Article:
The baby was found apneic, bradycardic at 10 minutes of age, cardiopulmonary resuscitation was immediately initiated, including Intermittent positive pressure ventilation (IPPV) followed by intubation after 5 minutes in view of no spontaneous respiratory efforts. Chest compression was also undertaken after failure to establish circulation by 2 minutes of effective IPPV, eventually escalating to epinephrine (2 intravascular doses). Fluid resuscitation through emergent umbilical venous catheter was accomplished, and finally, Naloxone was administered, for possible maternal intrapartum morphine induced cardiorespiratory compromise. Chest compression was continued for 20 minutes for subsequent asystole. Baby was finally, stabilized by 45 minutes of age, with heart rate above 100. Investigations post stabilisation revealed severe metabolic acidosis (base excess of -23, with serum lactate of 11.8), but no hypoglycemia. Further investigations suggested severely deranged liver function, creatinine, and lactic acidosis. Troponin levels were also markedly elevated Laboratory investigations (Table 1). Patient was then transferred to level 3 neonatal intensive care unit for further management.

Arterial Blood Gas pH: 7.00
PaCo2: 29 mmHg
PaO2: 77 mmHg
 HCO3: 7 mmol/L
BE: -23 mmol/L
Lactate: 11.8 mmol/L
Electrolytes Sodium: 138 mmol/L
Potassium: 4 mmol/
Chloride: 107 mmol/L
Calcium: 2.32mmol/L
Ionized Calcium: 1.34 mmol/L
CBC and Differentials Hemoglobin: 136 g/L
HCT: 0.40 L/L
RBC: 3.5 10 E12/L
 WBC: 16.6 10 E9/L
Neutrophil: 7.3 10 E9/L
Band 0.7 10 E9/L
Platelet: 200 10 E9/L
Renal Function Test Urea: 3.6 mmol/L
Creatinine: 62 umol/L
Liver Function Test Alanine transaminase: 15 U/L
Gamma-glutamyltransferase: 177U/L
Alkaline phosphatase: 206 U/L
Bilirubin: 38 ummol/L
Prothrombin INR: 1.7
Partial thromboplastin time: 50.1 seconds
Ammonia: 59 ummol/L
C- Reactive Protein 1.2 mg/L
Creatine kinase (CK) 5535 U/L
Troponin T-High Sensitivity 12350 ng/L

Table 1: Laboratory investigation on stabilization at 45 minutes of age.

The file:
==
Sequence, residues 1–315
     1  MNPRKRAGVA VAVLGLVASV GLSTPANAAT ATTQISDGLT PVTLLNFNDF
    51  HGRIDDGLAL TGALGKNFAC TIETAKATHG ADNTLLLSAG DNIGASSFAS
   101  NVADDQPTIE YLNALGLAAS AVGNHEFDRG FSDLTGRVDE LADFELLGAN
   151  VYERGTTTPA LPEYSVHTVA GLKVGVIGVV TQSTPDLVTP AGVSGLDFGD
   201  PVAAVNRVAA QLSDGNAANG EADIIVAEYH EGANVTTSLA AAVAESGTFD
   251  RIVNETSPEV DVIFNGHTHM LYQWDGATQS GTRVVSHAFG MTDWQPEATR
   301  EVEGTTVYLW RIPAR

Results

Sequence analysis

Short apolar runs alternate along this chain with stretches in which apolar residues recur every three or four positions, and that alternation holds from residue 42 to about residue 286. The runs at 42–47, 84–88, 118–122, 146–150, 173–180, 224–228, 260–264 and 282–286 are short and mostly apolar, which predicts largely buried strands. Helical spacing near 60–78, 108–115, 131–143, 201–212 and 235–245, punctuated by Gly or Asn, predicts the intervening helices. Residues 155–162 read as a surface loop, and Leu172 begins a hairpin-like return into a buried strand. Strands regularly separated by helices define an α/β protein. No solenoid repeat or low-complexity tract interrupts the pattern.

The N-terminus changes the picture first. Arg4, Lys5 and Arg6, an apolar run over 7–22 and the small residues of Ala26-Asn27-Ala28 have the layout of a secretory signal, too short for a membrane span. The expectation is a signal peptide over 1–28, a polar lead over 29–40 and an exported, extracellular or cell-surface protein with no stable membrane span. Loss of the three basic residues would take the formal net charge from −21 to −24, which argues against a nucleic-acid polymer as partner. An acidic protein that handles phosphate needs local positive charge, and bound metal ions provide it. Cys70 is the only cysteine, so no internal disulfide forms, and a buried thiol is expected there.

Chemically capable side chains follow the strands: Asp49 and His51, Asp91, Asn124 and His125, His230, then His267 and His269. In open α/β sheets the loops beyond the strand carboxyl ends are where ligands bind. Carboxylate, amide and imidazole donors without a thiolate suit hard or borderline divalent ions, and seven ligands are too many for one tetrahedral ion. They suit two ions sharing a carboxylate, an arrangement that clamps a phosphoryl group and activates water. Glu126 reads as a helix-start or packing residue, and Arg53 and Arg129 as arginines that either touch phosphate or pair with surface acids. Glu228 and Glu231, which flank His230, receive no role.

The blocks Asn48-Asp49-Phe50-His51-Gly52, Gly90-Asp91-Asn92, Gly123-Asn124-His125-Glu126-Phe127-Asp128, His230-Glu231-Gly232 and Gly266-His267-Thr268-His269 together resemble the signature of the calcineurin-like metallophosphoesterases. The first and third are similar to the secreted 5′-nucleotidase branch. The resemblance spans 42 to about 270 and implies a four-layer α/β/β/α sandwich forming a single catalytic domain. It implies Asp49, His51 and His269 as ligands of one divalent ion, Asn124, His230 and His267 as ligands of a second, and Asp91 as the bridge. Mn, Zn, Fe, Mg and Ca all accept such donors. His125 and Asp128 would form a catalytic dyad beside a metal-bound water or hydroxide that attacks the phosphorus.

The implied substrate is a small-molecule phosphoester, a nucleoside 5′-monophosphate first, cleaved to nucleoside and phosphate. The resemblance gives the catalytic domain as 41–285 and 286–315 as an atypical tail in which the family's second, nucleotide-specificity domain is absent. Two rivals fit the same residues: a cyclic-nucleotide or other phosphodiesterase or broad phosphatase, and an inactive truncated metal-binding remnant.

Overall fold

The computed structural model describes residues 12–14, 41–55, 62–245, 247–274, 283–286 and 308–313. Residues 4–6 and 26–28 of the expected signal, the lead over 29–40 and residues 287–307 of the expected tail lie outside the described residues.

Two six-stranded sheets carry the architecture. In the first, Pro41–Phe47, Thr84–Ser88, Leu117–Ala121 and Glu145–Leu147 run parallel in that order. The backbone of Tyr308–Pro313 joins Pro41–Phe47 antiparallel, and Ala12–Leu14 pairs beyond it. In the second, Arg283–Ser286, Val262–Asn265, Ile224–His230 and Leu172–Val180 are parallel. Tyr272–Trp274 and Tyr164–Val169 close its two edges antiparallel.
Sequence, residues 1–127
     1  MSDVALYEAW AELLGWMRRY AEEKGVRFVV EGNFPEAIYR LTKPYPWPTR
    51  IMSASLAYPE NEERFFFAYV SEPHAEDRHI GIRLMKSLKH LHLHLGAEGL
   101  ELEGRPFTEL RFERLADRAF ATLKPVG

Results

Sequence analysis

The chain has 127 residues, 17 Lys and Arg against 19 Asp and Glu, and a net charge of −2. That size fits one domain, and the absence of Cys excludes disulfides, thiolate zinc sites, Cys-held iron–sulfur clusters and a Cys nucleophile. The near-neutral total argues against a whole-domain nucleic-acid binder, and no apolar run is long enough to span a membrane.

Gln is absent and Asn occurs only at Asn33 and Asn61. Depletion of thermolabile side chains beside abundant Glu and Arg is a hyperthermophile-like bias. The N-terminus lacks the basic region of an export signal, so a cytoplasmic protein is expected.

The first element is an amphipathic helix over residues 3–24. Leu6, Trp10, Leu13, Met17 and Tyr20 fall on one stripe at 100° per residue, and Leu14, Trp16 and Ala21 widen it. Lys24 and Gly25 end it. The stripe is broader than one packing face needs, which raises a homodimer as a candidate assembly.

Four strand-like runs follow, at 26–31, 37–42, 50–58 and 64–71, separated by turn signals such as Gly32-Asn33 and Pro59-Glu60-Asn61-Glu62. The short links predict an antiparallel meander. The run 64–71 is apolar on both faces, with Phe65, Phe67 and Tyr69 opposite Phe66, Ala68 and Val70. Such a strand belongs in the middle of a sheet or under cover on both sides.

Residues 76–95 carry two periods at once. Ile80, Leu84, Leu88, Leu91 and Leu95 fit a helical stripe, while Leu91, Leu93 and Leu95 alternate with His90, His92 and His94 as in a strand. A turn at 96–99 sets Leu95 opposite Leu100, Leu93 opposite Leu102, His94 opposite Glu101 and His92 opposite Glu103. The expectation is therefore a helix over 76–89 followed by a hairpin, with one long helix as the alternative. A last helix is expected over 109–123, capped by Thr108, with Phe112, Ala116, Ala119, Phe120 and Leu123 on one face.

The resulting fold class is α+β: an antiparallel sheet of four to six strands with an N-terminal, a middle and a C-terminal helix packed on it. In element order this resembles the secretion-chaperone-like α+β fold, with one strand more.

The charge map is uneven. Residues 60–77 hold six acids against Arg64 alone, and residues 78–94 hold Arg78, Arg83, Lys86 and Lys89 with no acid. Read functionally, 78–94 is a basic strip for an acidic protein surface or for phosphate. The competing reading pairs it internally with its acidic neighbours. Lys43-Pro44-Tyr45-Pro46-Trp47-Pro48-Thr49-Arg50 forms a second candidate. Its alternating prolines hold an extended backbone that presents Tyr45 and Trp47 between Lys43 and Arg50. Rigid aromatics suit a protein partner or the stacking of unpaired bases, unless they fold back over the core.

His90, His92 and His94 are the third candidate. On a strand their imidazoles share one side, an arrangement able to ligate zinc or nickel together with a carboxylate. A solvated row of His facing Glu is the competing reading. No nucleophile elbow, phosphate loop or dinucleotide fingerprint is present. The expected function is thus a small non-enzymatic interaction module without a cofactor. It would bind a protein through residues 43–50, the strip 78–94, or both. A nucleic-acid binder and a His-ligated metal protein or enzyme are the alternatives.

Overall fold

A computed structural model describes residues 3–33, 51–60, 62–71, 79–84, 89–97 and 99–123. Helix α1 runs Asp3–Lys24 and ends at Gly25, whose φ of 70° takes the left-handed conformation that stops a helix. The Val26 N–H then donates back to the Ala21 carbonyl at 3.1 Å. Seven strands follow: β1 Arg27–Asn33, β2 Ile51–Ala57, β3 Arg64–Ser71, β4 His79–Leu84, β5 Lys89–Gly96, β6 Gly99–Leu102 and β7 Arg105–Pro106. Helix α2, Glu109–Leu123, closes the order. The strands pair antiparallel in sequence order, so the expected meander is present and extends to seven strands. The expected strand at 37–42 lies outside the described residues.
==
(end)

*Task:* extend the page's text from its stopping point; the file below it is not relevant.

On physical examination post resuscitation and stabilisation, baby had decreased level of consciousness, no spontaneous movements, hypotonic, depressed primitive and deep tendons reflexes, consistent with moderate to severe encephalopathy (Sarnat stage II-III). Therapeutic hypothermia was initiated after discussion with parents, as there are no clear guidelines for therapeutic hypothermia for babies with postnatal asphyxia.

Therapeutic hypothermia was continued for the next 72 hours without side effects. He was mechanically ventilated for 6 days and then successfully extubated to room air. During the initial course of stabilization, hypotension and severe lactic acidosis was managed by fluid resuscitation and inotropic support (Dopamine and Dobutamine). Inotropes were weaned off by day 3 of life. He was observed to be lethargic in the initial course, which gradually improved over the next 48 hours.

Initial working diagnosis were sudden infant death syndrome (SIDS), with differentials being airway obstruction, sepsis and inborn errors of metabolism. Detailed metabolic work up, including but not limited to serum ammonia, plasma and urine aminoacidogram, was undertaken in view of severe metabolic acidosis, all of which were normal. The metabolic acidosis and hyperlactatemia resolved in the next few days with adequate fluids and inotropic support. An electrocardiogram, to rule out long QT syndrome and an echocardiogram were performed, both of which were normal.

The patient’s neurological condition showed progressive improvement in the next few days. By 5 days of life, he was alert, active with appropriate reflexes. Feed was initiated soon after extubation, and achieved full oral feeds by the end of the second week of life. An electroencephalogram and a Magnetic resonance imaging of brain were completed on day 3 and day 5, respectively, both of which were normal (Figures 1 and 2).

pediatrics-Full-montage-EEG

Figure 1: Full montage EEG on day 3 of life for our patient with normal finding.

pediatrics-MRI-brain-done